I will not cease from Mental Fight,
Nor shall my Sword sleep in my hand:
Till we have built Jerusalem,
In England's green & pleasant Land.
—William Blake, 1804
One of the high points of 2002 for me came near the end of the year, when I heard the album OOOH! (Out Of Our Heads) by The Mekons, a band of British art-school socialists born in the great punk revolution of 1977 that has, against all odds, persisted.
During their 25 years together, The Mekons have expanded from four guys playing guitars and drums in Leeds to a far-flung tribe of eight musicians. Their sound has expanded from the punk-rock base to include Celtic and country-and-western strains and contemporary dance music. In the mid-'80s they added a full-time fiddler and accordionist. In the mid-'90s they recorded an album of electronica.
I've always loved The Mekons' music. But I've also been attached to them as comrades, and my appreciation has deepened as they've stayed engaged in struggle— artistically and politically—over the course of a lifetime. They are My Generation. We all came into adolescence in the late '60s and found our adult feet in the backwash of the late 1970s. I haven't gotten everything they recorded, but I've always felt the need to check in on them periodically to see how they've fared, and how they're making sense of life's middle passage.
So it was especially thrilling to crank up OOOH! and hear The Mekons swing into the hymn of praise to English religious socialism that is quoted above. "Oh, I love the Union and Glory Hallelujah!" The Mekons sing on their title track. "Thee Olde Trip to Jerusalem/All that march through history must still mean something to you/Thee Olde Trip to Jerusalem." With a funky dance beat, scratching rhythm guitar, and layers of vocal call and response, the track goes on to summon a chain of holy warriors that runs from the Levelers, Ranters, Quakers, and Diggers of the 1600s to William Blake and William Morris and on down to Tony Benn.
Yes, that Tony Benn—the old guy who went to Iraq and interviewed Saddam Hussein. In The Mekons' younger days, he was the Great Red Hope of the British Labour Party's left wing. In his Arguments for Socialism, Benn started with the assertion that the first source of British socialism is the Bible—the Mosaic Law, the eighth-century B.C.E. prophets, the teachings of Christ, and the practice of the New Testament church. Benn goes on to say that the founders of the socialist tradition in England were the radical Christian dissenters of the English Revolution (the Levelers and Diggers) who resisted the privatization of communally owned village land. The Mekons' guitarist and singer Jon Langford says that like every good 21st-century leftist, he's been hunting for a new political language in the post-Cold War world. In that search, he stumbled over the English religious socialists.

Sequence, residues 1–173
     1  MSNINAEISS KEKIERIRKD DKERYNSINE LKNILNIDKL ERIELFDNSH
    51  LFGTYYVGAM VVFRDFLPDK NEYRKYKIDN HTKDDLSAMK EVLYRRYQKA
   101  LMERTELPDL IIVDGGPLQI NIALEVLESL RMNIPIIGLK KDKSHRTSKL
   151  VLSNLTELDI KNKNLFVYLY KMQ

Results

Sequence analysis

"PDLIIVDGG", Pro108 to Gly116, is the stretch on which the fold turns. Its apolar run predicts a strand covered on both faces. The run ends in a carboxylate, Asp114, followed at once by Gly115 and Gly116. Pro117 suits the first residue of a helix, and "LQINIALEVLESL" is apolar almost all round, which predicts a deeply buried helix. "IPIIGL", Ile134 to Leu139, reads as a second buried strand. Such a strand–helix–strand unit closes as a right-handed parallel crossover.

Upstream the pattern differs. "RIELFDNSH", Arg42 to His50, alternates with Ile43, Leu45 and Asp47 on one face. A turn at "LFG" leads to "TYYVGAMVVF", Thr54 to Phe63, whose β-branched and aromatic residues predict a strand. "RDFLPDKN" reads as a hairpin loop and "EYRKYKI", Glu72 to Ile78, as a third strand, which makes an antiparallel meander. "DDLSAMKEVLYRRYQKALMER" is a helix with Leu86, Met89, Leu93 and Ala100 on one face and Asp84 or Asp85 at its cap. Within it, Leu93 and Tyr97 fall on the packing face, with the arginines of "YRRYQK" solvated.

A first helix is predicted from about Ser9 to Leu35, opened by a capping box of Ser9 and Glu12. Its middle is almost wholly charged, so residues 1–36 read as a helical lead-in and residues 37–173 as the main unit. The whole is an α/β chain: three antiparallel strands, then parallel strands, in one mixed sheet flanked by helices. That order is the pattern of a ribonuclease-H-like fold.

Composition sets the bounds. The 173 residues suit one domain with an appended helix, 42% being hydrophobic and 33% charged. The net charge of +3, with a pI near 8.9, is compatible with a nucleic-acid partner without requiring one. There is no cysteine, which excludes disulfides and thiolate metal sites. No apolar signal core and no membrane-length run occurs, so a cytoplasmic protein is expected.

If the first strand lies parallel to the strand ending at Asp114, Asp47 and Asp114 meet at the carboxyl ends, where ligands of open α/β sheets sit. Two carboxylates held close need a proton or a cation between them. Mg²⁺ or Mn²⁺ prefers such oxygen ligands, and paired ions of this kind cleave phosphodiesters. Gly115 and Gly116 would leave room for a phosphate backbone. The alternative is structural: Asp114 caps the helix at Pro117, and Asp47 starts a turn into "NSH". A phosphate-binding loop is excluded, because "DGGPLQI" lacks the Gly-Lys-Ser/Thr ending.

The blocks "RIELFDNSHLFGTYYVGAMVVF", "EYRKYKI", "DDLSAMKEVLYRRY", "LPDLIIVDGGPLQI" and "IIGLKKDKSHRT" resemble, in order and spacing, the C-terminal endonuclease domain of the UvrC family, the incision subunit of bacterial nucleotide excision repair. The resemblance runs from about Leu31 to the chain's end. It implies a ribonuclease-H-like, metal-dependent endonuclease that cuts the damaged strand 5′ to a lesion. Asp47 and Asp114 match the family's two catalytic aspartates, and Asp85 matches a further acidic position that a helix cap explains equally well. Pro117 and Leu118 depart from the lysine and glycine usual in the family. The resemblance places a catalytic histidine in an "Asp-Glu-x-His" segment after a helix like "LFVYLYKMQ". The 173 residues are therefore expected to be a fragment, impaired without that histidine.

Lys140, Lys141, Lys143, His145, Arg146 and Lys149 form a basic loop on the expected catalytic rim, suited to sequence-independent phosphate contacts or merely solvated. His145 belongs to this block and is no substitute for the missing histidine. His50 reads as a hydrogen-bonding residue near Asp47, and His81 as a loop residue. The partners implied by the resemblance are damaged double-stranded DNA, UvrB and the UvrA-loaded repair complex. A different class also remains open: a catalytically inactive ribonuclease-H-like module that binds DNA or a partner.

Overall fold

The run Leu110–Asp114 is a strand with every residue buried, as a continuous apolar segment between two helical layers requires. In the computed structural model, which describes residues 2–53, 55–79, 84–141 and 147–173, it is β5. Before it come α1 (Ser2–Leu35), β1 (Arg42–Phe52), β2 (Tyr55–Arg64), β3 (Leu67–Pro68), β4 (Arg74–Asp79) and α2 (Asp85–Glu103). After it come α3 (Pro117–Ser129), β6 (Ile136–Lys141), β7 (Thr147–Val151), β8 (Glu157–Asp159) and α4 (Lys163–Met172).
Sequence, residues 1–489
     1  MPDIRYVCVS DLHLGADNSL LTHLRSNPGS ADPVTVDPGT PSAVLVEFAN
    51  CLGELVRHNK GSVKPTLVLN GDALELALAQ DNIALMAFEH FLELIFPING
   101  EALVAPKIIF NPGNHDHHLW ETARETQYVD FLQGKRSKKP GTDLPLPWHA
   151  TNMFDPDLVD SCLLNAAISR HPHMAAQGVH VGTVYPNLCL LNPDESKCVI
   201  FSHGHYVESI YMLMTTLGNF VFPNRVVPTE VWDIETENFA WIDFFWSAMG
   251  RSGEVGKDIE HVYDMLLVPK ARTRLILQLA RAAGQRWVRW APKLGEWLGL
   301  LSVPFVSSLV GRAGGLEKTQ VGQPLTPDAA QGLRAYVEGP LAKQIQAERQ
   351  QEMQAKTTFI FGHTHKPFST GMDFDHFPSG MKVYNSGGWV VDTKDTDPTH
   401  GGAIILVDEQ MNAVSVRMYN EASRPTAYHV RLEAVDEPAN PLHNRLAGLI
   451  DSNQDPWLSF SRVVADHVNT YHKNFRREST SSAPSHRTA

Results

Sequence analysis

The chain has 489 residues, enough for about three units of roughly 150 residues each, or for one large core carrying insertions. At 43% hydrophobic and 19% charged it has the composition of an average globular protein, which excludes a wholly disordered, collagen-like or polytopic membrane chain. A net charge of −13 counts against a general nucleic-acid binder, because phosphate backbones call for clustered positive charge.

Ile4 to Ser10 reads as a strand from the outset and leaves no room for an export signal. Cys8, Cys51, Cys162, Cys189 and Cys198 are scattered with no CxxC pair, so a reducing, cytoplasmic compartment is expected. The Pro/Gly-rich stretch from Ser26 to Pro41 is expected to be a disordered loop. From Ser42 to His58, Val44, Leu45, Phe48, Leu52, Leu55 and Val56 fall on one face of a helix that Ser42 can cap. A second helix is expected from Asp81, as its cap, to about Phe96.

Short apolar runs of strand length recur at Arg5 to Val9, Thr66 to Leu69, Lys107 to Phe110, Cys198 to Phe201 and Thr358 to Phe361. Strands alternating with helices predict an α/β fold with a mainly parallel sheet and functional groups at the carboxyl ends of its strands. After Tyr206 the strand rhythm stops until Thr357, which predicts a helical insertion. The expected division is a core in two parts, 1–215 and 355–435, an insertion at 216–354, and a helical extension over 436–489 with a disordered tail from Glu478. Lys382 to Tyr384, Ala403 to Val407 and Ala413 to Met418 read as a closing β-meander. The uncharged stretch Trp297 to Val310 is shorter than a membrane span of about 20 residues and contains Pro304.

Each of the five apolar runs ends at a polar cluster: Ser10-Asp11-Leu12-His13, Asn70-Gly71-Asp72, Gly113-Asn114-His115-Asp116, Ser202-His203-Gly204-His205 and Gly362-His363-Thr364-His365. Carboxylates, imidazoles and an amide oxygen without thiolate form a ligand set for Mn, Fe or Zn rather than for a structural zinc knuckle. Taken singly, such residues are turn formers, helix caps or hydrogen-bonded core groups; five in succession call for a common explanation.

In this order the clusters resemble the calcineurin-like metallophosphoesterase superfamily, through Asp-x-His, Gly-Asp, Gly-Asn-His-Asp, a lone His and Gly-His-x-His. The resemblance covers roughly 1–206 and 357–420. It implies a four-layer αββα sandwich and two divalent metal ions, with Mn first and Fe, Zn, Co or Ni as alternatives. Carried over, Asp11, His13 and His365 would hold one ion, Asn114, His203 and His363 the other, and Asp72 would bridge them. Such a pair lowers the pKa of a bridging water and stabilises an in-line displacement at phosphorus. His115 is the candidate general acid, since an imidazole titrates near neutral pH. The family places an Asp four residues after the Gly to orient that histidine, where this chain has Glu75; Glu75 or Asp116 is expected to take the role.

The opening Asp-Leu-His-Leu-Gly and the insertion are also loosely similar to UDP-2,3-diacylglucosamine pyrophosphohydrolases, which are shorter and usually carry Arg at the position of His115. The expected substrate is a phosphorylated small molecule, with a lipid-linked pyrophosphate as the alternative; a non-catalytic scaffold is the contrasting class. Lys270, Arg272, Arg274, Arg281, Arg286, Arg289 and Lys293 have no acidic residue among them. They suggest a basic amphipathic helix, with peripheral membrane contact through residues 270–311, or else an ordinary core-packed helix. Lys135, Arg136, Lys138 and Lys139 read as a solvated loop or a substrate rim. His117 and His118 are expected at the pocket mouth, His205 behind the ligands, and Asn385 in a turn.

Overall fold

LESS PUBLIC RELIGIOUS questions also loom on OOOH!—questions of mortality, for instance. How do you keep up "that march through history" when you're pushing 50 and you know you'll die somewhere short of Blake's Jerusalem? The Mekons' answers to such questions are not easy. On "This Way Through the Fire," physical death is accompanied by images of rest and reconciliation: "When every question has an answer, and all the lost souls come rolling home." On the next track, "Hate is the New Love," the best they can manage is stoicism: "...there's no peace on this terrible shore. Everyday is a battle, how we still love the war."
Later in the album, "Only You and Your Ghost Will Know" gives a stark, compelling version of the atheist-materialist answer to The Big Question: "First the chill and then the stupor, then the letting go. If you found one thing out on that road, only you and your ghost will know." But that is followed immediately by an old folk song, "The Lone Pilgrim," which gives the Christian version: "The same hand that led me through scenes most severe has kindly assisted me home."
Upon hearing all this death and dying, some reviewers have interpreted OOOH! as The Mekons' post-9/11 album. But the band says all the songs were written by the spring of 2001. It didn't take a public calamity to give The Mekons intimations of mortality. We in the class of '77 have reached the autumn of our years, and even if we don't fear the Reaper, we know he's out there waiting for us. The Mekons have decided to take him on, face to face.
Danny Duncan Collum, a Sojourners contributing editor, teaches writing at Rust College in Holly Springs, Mississippi.